reports of September 8th demonstration against Sharia court in Canada
RALLY ON SEPT. 8, 2004,
We are gathered here
to demonstrate against
The Ontario Arbitration Act (1991) was originally meant to
ease the backlog in the courts and cut costs by resolving disputes through
arbitration/mediation. At the time, I did
not hear any mention of the introduction of Shari’a Law in
We are all aware of
the abuse and discrimination suffered by women in countries where there is Shari’a
The common complaint
of many muslim men in
contention is that muslim women have a choice of settling disputes either through the
courts or through Shari’a arbitration. Where
is the choice when a woman is told that she is not submitting to the will of God unless
she follows the guidelines, counsel and principles related to muslims through the Quran
and Prophet Muhammad if she does not submit to Shari’a arbitration? No one wants
we are told that in
To ensure male
domination over a woman, not only do the muslim men want Shari’a Law in
When westerners go to
eastern countries they are expected to follow the law of the land. Why is it when we come to this country we should
expect our own laws and regulations? We
came to this country to leave all that abuse behind us and to enjoy the freedom and
I hope every one of
you attending this rally will speak to your MPs and government officials showing your
Report from Ottawa
It was significant that while Canada allowed us to protest and demonstrate freely, our brothers and sisters in countries where the Sharia is the rule of law are not afforded the same liberties.
There were 5 speakers:
Soheila Bayani from the Campaign against Sharia Court in Canada;
Sheila Ayala from the Humanist Association of Canada
(reading the speech for Homa Arjmand, organizer of the campaign)
Maryam Abdula from the Campaign for the Defense of Women's Rights in Iraq
David Aram from the International Federation Refugees of Iran
Elizabeth Caddy, women's rights activist.
Each speaker in turn stressed the danger of allowing Sharia arbitration tribunals: the Sharia law is inherently unjust and unfair; it is discriminatory; women and girls will be coerced and intimidated; Canada will have separate laws for one segment of the population, undermining the Charter of Rights and Freedoms that states Canadian citizens are equal before and under the law; it will lead to the ghettolization of Muslim immigrants and finally, Canada must remain secular, leaving individuals free to follow their own conscience, religious or otherwise.
At the end of the demonstration a resolution was read by Soheila Bayani by calling on the government to stop the Sharia from being implemented in Canada.
There are 2 pages to this story.
Yesterday at our protest from 8am to 8pm in Penticton, through out the day we spoke to about 100 to 150 people.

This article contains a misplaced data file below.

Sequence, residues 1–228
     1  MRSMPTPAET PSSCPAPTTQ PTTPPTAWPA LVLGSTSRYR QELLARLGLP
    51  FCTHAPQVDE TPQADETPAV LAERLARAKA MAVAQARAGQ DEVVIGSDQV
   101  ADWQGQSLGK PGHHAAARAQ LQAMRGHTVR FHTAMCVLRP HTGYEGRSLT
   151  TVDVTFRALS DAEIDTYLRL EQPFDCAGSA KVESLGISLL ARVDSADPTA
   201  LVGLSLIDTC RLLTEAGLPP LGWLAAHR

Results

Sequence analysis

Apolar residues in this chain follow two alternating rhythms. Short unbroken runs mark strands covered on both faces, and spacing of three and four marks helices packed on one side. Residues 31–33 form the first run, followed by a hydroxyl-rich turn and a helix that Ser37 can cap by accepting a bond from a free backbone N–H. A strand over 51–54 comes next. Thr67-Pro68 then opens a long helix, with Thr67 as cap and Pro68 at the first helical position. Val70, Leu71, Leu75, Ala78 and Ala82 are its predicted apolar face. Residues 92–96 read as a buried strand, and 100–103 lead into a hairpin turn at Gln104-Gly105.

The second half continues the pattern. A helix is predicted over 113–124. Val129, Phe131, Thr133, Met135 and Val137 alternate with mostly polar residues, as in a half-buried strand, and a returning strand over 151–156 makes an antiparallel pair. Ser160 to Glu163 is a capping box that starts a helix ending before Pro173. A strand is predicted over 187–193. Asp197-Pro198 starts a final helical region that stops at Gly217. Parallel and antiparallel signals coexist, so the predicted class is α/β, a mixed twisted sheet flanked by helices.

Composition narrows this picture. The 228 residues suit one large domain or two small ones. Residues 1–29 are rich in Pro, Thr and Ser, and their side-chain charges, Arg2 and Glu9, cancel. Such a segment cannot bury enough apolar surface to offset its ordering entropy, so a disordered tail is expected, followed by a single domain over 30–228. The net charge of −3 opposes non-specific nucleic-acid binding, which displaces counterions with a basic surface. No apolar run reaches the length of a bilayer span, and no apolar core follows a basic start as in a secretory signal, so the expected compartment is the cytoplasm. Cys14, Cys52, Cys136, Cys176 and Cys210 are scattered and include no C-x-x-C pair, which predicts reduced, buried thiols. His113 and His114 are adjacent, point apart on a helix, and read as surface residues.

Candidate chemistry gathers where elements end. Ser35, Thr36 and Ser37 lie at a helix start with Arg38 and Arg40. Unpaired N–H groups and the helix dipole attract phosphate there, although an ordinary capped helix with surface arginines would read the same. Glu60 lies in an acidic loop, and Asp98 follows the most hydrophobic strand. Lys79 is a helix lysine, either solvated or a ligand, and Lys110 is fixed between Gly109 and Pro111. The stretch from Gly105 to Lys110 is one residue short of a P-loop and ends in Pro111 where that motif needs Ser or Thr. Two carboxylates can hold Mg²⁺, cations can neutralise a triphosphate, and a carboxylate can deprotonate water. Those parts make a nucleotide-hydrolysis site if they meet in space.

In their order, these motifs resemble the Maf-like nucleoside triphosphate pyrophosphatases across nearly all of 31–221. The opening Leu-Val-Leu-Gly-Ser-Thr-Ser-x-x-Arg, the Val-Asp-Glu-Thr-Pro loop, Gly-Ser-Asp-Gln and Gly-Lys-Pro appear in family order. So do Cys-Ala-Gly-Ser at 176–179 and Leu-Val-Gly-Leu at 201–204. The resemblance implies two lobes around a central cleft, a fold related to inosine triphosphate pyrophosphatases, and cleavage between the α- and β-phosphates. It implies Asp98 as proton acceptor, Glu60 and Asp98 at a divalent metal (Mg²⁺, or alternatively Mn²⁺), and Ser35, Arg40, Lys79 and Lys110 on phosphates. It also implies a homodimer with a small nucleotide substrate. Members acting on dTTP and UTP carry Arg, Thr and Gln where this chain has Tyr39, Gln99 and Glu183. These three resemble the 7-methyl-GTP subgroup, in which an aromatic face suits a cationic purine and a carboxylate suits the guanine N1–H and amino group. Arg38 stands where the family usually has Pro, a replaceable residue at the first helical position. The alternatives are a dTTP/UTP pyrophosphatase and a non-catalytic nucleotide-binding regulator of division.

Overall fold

2 women could not believe -when they found out what Sharia was--that Canada would bring this in. They were from the USA.
Some other tourists from Germany- one was a Judge-- Said this would never happen in Germany and he was shocked and astounded that Canada would bring it in.
Toward the evening a woman who works with battered women said she read that Sharia was to come into BC on Sept 17. She couldn't remember where she read the article so I have been contacting politicians to find out. I was furious because Mr.Barisoff's office had said before , "This wont happen in BC. We would not bring it in." So I went to MP DAY's office and made some calls.
Rick Thorpe, an MLA in the Okanagan just called me to state emphatically that, "NO! BC is NOT bringing Sharia into the BC Legal System.
In the article the Attorney General says that Sharia will not come in-- They have no plans for it.
Alas, some Muslim men are still pushing.
If what I found out today is true, a store-front can be set up---as a business-- and if the 2 people agree to the Arbitration they could possibly use Sharia there. And if this happens the government might not be able to stop it.
Mr. Ali said on TV about the abusive administration of Sharia, " It is the fault of the Muslim people, it is not fault of the Law."
As I understand what I was told today--- The Law allows arbitration, the people decide what they are going to do. Kind of sounds the same.
I am trying to get, in writing, a statement from the Attorney General, a positive NO.
I'm glad there was a fairly good turn out in Vancouver---about 40 people it said in the paper.
We had about 100 to 150 people stopped by to get information and most signed the petitions, some wanted to get more information first. I haven't counted the names collected yet.
I have been asked to speak at a meeting in November and possibly to a women's group earlier.